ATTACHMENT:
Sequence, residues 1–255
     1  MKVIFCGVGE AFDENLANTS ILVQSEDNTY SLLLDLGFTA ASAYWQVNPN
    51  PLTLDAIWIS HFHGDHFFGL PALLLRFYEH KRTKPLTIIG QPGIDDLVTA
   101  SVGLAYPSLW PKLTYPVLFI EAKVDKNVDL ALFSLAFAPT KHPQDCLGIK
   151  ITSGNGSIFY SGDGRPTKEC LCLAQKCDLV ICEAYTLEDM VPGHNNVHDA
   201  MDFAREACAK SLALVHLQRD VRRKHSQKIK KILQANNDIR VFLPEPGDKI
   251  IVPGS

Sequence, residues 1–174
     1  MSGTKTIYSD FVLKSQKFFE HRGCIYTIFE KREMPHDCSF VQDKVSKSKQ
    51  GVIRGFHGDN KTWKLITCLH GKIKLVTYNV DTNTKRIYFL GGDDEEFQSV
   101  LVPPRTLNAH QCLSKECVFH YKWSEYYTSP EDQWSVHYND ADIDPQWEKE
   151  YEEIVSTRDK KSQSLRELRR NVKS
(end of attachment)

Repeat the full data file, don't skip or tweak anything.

Sequence, residues 1–255
     1  MKVIFCGVGE AFDENLANTS ILVQSEDNTY SLLLDLGFTA ASAYWQVNPN
    51  PLTLDAIWIS HFHGDHFFGL PALLLRFYEH KRTKPLTIIG QPGIDDLVTA
   101  SVGLAYPSLW PKLTYPVLFI EAKVDKNVDL ALFSLAFAPT KHPQDCLGIK
   151  ITSGNGSIFY SGDGRPTKEC LCLAQKCDLV ICEAYTLEDM VPGHNNVHDA
   201  MDFAREACAK SLALVHLQRD VRRKHSQKIK KILQANNDIR VFLPEPGDKI
   251  IVPGS

Sequence, residues 1–174
     1  MSGTKTIYSD FVLKSQKFFE HRGCIYTIFE KREMPHDCSF VQDKVSKSKQ
    51  GVIRGFHGDN KTWKLITCLH GKIKLVTYNV DTNTKRIYFL GGDDEEFQSV
   101  LVPPRTLNAH QCLSKECVFH YKWSEYYTSP EDQWSVHYND ADIDPQWEKE
   151  YEEIVSTRDK KSQSLRELRR NVKS